18 10 2012

Sharon in the Bike Cave…

When Sharon started commuting to work on a bicycle rainy weather meant she would drive and take a day off the bike. It rarely pours rain here in Victoria, but the winter months do feature some precipitation. A typical rainy day here can best be described as “moist”. It’s definitely wet, but not outrageously so.

When I built up Sharon’s bike I installed full fenders and long mudflaps. I just can’t imagine a utility bike without ‘em. That meant she wasn’t getting wet and dirty from road spray. Sharon has slowly built up a set of clothes to ride to work in. Featuring either synthetic materials or wool they deal with the dampness from a light drizzle and from sweat without issue.

Her latest bikey investment is a blue Gore Bike Wear jacket that’s waterproof & breathable. It has allowed her to comfortably ride in light rain and to survive the occasional heavier deluge she faces on her bike. The practical upshot of this evolution is that Sharon is riding to work in almost any weather now. If we get a few days of snow she’ll skip the bike and if the weather looks ridiculously rainy she’ll skip it, but that still leaves 95% of the days in a year that look bikey to her.

It’s been fun to watch her evolve from a non-rider to a casual social rider to a occasional commuter to a regular commuter and now to Uber Commuter status. :)





650B Baby!

17 10 2012

Intense Tracer 275 – 650B All Mountain shredder…

I’ve been wanting to post something on wheel size for mountain bikes for a while. Thing is that even though I own bikes from 26″ to 29″ and a fatbike which is a 26″ rim with a 29″ external diameter – I just don’t have enough time on enough bikes to justify my opinions well. It’s really not fair to compare a 26er 6″+ full suspension bike to a 29er 4″ travel hardtail or a rigid fatbike. How do you separate out the differences in geometry and suspension from the differences in wheel size?

I’d love to own long travel full suspension bikes in 26er, 650B and 29er wheel sizes for back to back comparisons, but that would require a ton of $$ I don’t have. :(

What I will say is that wheel size does matter. There are distinct pros and cons, but they have to be evaluated in the context of the specific bike design. You can’t just pick a wheel size and throw down a blanket statement that it’s going to be better than another wheel size. So these days you can’t afford to ignore wheel size if you are buying a new mountain bike. Especially if you keep your bikes for a long time.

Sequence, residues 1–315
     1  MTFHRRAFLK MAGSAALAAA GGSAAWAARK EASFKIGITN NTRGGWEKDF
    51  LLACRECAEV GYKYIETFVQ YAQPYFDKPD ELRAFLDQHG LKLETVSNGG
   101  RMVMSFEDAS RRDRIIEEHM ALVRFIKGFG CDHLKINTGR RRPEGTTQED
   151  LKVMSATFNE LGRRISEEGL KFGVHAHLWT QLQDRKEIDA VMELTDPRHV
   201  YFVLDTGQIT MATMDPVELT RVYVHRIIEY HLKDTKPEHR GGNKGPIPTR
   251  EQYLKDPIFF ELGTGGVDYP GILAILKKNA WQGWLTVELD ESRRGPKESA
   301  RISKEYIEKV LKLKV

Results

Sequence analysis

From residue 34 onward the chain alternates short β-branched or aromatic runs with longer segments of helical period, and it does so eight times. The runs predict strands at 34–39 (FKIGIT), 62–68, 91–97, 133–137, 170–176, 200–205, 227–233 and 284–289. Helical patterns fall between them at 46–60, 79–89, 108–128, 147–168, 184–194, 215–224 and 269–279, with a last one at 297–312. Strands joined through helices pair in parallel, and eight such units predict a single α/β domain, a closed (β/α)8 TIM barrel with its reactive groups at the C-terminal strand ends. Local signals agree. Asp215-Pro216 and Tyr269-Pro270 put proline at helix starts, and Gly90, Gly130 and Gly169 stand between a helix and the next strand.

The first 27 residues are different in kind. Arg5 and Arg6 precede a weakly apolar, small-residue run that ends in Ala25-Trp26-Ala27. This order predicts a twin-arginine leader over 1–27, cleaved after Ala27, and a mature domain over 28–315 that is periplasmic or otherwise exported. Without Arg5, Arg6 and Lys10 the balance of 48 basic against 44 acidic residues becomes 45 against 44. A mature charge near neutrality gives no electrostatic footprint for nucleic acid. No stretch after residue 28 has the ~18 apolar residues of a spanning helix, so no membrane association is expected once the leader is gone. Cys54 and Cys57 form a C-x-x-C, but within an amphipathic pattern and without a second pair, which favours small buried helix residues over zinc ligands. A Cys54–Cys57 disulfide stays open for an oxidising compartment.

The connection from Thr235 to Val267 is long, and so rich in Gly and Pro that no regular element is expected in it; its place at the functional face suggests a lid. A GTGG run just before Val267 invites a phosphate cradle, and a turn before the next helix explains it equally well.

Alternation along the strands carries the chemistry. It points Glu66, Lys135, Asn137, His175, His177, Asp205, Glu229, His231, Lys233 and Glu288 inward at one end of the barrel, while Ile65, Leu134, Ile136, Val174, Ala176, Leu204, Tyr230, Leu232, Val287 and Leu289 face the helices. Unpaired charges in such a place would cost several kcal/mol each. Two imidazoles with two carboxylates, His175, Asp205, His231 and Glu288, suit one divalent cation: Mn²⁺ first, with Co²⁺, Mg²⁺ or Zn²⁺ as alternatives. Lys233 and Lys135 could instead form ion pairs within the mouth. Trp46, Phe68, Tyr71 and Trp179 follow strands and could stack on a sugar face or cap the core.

I think it’s safe to say that the differences aren’t worth upgrading from a bike you own and love. Any trail you can ride a 29er or a 650B bike on you can ride a 26er on. It you have an existing bike you want to tweak I’d spend the $$ on new tires for an easy high bang for your buck performance boost.

If you’ve been paying attention to any media outlets in the mountain bike world you know 650B is coming on strong. They are also calling it 27.5″ even though it’s actually closer to a 26″ wheel/tire than a 29″ wheel/tire. It looks like a lot of brands will have 650B bikes in the line up for 2013 and I suspect almost all of them will for 2014.

Based on my limited experience with bigger wheels it looks like 650B will be popular as it blends some of the 29er roll over ability with a smaller package that is easier to design into a long travel frame and retains the playful feel of the 26″ format. “All Mountain” style bikes with 6″-7″ of travel are the ideal candidates for the new wheel size.

Photo: Intense action from MTBR.com

My Santa Cruz Nomad sports wheels that measure 26.75″ with 2.4″ tires on Velocity P35 rims. Sharon’s Nomad with 2.3″ tires on narrower rims measures 26.25″. It’s amazing that the Continental Trail Kings on my bike are so much bigger than Sharon’s Nevegals. Given the size of my wheel/tire combo I don’t have any huge urge to upgrade my mountain bike to 650B.

Having said that as I ponder a new mountain bike for 2013 or 2014 I’ll restrict my choices to 650B machines. I don’t think it will be long before the all mountain category, where my interests lie, will be made up of a majority of 650B designs. This has the added benefit of giving me an incentive to keep riding my Nomad while more 650B options hit the market and these designs have a product cycle to mature. I’m not in a rush to roll on 650Bs, but when I do get a new rig it might as well have ‘em.

Sharon wants this bike!





Blue Seal Sealant Review

16 10 2012

Photo: All Hail the Black Market Blog…

First off thanks to All Hail the Black Market Blog for being smart enough to take a picture of these tubes of Blue Seal Sealant before he used them or gave them away – unlike me! ;) I received 2 tubes of the stuff for free from the distributor to review last year. Seeing as my tubeless setups were all okay using Stan’s I didn’t feel like reinstalling my tires just to test the sealant. So I gave 1 tube to Scott and 1 tube to Kurt. Both were installing ghetto tubeless setups on their bikes.

I spent a lot of time helping Kurt get his mountain bike setup tubeless. It was a pain at first, but that’s because he’s using rims and tires that were not designed for a tubeless application. We eventually got the tires to hold air reliably with Blue Seal. I don’t think that’s any fault of the sealant. It was simply a tough application.